Massively Parallel Single Cell Genomics of the Human Microbiome
Department of Health and Human Services
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2120 W. GREENVIEW DR., SUITE 9, MIDDLETON, WI, 53562
Socially and Economically Disadvantaged:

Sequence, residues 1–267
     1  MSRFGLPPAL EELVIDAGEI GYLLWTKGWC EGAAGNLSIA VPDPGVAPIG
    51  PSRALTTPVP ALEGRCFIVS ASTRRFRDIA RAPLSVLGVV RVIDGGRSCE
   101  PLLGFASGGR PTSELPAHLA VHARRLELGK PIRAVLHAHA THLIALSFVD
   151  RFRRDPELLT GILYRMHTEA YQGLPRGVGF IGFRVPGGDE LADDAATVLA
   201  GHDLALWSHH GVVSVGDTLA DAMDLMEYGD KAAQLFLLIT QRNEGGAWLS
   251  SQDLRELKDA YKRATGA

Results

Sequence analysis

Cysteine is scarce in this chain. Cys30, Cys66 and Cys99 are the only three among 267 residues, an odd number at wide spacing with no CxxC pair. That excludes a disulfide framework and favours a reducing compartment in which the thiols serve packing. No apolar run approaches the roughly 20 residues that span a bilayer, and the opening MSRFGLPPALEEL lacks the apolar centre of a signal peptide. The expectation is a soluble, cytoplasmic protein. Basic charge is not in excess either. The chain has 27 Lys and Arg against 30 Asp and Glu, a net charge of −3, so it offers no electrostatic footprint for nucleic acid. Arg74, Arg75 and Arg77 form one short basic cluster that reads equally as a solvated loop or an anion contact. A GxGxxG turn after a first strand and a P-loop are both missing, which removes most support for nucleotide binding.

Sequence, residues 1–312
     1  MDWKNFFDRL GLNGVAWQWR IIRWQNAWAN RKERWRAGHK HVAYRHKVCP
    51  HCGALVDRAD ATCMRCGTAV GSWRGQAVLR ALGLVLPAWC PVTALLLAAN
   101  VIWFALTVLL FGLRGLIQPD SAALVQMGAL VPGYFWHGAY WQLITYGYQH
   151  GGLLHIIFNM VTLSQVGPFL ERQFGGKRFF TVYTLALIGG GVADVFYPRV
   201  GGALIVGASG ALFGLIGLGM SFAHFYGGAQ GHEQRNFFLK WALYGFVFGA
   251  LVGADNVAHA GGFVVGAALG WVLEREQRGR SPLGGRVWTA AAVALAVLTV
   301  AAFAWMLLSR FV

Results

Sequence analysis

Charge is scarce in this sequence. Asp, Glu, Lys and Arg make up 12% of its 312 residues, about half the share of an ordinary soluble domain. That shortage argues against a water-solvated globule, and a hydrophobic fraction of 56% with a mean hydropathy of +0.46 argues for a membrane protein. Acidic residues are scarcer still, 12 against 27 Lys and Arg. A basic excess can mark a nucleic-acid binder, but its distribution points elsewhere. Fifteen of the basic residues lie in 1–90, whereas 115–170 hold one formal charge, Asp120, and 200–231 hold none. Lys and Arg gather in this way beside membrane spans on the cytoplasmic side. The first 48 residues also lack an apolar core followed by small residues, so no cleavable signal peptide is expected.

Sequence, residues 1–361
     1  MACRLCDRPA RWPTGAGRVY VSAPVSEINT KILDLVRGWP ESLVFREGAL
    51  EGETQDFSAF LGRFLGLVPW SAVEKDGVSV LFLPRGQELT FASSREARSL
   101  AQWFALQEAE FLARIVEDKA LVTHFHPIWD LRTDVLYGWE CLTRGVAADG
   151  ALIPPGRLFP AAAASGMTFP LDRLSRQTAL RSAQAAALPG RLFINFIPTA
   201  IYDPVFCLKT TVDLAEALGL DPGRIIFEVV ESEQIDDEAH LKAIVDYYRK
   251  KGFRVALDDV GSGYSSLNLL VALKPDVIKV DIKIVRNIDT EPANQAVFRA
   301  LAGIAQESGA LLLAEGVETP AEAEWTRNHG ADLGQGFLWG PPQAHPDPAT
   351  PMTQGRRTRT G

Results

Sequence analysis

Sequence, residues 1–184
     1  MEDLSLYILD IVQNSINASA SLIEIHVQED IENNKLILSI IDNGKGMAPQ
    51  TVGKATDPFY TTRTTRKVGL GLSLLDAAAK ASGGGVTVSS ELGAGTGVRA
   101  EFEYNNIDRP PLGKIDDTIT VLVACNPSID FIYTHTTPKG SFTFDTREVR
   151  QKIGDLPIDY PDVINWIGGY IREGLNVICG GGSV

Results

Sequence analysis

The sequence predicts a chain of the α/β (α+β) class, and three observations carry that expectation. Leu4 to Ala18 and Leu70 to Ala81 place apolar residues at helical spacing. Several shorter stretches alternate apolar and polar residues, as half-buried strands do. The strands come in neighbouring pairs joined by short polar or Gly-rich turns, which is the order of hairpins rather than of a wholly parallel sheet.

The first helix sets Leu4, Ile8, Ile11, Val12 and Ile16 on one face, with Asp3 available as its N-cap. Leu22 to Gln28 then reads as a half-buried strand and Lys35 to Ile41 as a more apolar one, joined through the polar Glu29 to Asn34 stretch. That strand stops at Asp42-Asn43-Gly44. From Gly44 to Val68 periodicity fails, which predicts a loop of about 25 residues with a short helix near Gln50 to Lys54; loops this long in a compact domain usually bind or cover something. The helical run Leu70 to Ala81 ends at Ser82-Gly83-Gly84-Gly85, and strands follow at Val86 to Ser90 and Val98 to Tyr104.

AbstractDESCRIPTION (provided by applicant): The 100 trillion microorganisms that naturally live inside and on humans are estimated to outnumber human cells by a factor of ten. The Human Microbiome Project sponsored by the NIH seeks to better understand the effect s these complex communities have on human physiology, nutrition, immunity and development. These bacteria play an important role in health and disease, but surprisingly little is known about them due to the inability to cultivate and study many of them. On e way to study the human microbiome is to analyze the genes and genomes of each member of the population. The SBIR Phase I grant proposal Massively Parallel Single Cell Genomics of the Human Microbiome seeks to develop high throughput methods for isolati ng large numbers of individual microbial cells, amplifying the genomes of single microbial cells and constructing clone-free libraries for sequence analysis on a numerically large scale. These goals will be achieved by developing DNA amplification tools th at simplify single-cell genomics, dramatically improving the efficiency of existing clone-free library construction methods, and integrating these methods with a new droplet based platform for manipulating single cells and their genomes. A new thermostable phage DNA polymerase that rapidly and efficiently amplifies DNA at high temperature overcomes numerous technical challenges for single cell genomics. A new method that improves the construction of sequencing libraries by two orders of magnitude will simpl ify and accelerate the analysis of these genomes. A new droplet based microfluidic reaction device that precisely controls the manipulation and screening of single cells, improves the amplification efficiency of single molecules and enables the parallel pr ocessing of 10 million droplets per experiment promises to accelerate the development of numerous biomolecular methods. The long term goal of the proposal is to refine and integrate these tools and instruments in order to study the human microbiome on a sc ale that is tractable. PUBLIC HEALTH RELEVANCE: The SBIR Phase I grant proposal Massively Parallel Single Cell Genomics of the Human Microbiome seeks to integrate new tools and technologies to analyze the genes and genomes of the trillions of microbes th at live in and on humans. Outcomes that can be predicted include new diagnostic biomarkers of health, a twenty-first century pharmacopoeia that includes members of the human microbiota and the chemical messengers they produce, industrial applications based on enzymes that are produced by the human microbiota, and a deeper understanding of the nutritional requirements of humans. The ability to correlate particular genes or genomes with a disease state will also be relevant to public health.
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